Published: 25 July 2022  (Updated: 27 July 2022)

Cosmetics’ most valuable contribution to society can’t be quantified in economic terms

John Chave, Director General of Cosmetics Europe, tells CTPA about its latest survey of European consumers and why people are placing such emphasis on their everyday essentials.

Tell us about the consumer survey you published recently? What were you looking to explore, and why?

In a nutshell, we wanted to explore what cosmetics and personal care products bring to people’s lives.

Our industry’s economic contribution is well established and well recognised. We’re an export driven industry that makes a huge financial contribution, and enjoys really strong SME representation, both in the UK and across Europe. This is incredibly important and it’s right we have a strong reputation for it. But it’s also just one way we contribute.

The products that we make also play a vital part in people’s personal health and wellbeing. That’s not a contribution to society that you can quantify in economic terms. But it matters profoundly to the millions who use our products daily, and yet is at odds with some perceptions of cosmetics as frivolous, superficial or dispensable. So that’s why we did this survey. To understand what cosmetic products mean to those who use them, and why.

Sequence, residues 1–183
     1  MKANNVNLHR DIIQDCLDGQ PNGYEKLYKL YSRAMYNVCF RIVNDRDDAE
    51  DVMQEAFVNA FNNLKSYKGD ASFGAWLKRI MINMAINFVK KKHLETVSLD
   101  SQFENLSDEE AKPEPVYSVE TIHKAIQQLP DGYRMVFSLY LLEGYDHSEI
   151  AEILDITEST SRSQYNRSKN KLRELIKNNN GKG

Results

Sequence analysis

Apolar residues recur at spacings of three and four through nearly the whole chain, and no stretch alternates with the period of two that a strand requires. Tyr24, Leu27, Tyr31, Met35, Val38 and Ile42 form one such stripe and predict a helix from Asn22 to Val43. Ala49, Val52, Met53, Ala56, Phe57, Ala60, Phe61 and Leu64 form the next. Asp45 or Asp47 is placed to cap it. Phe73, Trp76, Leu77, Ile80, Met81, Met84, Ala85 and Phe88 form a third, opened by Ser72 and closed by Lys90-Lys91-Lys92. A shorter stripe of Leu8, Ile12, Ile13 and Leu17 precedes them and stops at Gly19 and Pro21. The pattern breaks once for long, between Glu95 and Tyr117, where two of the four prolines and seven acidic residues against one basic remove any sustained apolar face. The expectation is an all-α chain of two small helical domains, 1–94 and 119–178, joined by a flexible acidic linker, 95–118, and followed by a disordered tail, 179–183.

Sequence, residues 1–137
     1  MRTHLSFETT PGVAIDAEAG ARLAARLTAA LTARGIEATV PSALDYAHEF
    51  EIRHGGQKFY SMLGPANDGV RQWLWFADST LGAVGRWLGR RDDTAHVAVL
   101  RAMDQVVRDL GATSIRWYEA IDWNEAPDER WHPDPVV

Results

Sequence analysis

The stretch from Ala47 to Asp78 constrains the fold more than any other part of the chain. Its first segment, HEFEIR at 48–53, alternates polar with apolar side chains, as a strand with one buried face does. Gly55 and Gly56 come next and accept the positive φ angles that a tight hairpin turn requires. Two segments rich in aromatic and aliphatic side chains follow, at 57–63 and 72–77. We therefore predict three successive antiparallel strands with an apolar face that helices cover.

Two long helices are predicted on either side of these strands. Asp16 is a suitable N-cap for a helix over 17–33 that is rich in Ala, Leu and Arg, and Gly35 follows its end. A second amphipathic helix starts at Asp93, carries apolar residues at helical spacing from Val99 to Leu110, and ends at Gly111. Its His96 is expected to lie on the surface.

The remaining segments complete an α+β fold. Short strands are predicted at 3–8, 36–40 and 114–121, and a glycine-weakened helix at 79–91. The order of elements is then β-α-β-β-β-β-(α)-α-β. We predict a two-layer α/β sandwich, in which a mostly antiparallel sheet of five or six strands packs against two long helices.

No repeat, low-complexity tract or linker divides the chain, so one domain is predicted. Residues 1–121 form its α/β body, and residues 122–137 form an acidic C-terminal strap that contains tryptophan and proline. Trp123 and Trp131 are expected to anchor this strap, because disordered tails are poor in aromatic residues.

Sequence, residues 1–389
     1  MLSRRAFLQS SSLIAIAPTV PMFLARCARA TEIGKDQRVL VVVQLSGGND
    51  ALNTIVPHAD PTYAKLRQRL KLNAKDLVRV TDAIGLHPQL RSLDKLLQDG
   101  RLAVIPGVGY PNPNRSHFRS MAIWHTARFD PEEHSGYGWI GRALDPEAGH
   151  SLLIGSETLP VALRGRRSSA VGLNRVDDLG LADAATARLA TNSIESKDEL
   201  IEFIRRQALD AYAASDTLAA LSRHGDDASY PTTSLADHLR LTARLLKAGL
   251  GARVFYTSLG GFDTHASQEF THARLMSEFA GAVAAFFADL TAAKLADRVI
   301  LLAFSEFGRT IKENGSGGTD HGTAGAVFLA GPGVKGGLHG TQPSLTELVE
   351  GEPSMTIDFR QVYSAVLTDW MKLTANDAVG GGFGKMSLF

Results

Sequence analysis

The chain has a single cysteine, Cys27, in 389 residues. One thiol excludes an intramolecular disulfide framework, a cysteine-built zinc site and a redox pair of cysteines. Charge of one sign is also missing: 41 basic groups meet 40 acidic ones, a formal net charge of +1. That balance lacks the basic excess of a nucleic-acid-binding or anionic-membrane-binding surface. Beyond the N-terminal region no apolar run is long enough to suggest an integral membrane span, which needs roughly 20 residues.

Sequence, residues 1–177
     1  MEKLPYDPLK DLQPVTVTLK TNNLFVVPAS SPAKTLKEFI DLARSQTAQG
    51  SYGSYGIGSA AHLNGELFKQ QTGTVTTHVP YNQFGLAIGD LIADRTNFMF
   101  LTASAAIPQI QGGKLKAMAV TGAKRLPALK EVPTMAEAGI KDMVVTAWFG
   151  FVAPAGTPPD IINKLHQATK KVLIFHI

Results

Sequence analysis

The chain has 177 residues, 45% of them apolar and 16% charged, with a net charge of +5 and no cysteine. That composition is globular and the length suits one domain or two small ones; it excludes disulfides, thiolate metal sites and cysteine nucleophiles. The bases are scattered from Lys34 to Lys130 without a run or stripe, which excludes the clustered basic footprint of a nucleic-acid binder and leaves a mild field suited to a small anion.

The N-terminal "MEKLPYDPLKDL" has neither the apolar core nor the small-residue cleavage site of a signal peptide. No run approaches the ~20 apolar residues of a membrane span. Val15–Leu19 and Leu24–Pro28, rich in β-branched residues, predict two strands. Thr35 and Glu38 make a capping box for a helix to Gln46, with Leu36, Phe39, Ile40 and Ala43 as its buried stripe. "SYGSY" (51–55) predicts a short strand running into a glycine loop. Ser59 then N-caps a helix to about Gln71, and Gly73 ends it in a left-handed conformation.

Of course, Europe is a very diverse place, so to be truly representative of European consumers’ perceptions we needed to commission a very broad study. We canvassed more than 6,000 consumers right across Europe, and captured differences in age and gender demographics. It means that we can feel confident that we have a set of findings that truly ‘speak for Europe’.

Tell us about the findings. What was most notable?

Three main points really stood out for us, and they’re ones where we saw real synergies across different countries and age groups.

Firstly, the sheer range of products that people use on a daily basis. The research shows that people use an average of seven different products a day, and 13 different products a week. It really reinforces that our products are not just being used by everyone but being used in a very substantial way by everyone.  In fact, it’s difficult to think of another consumer sector where so many different products are enjoyed daily.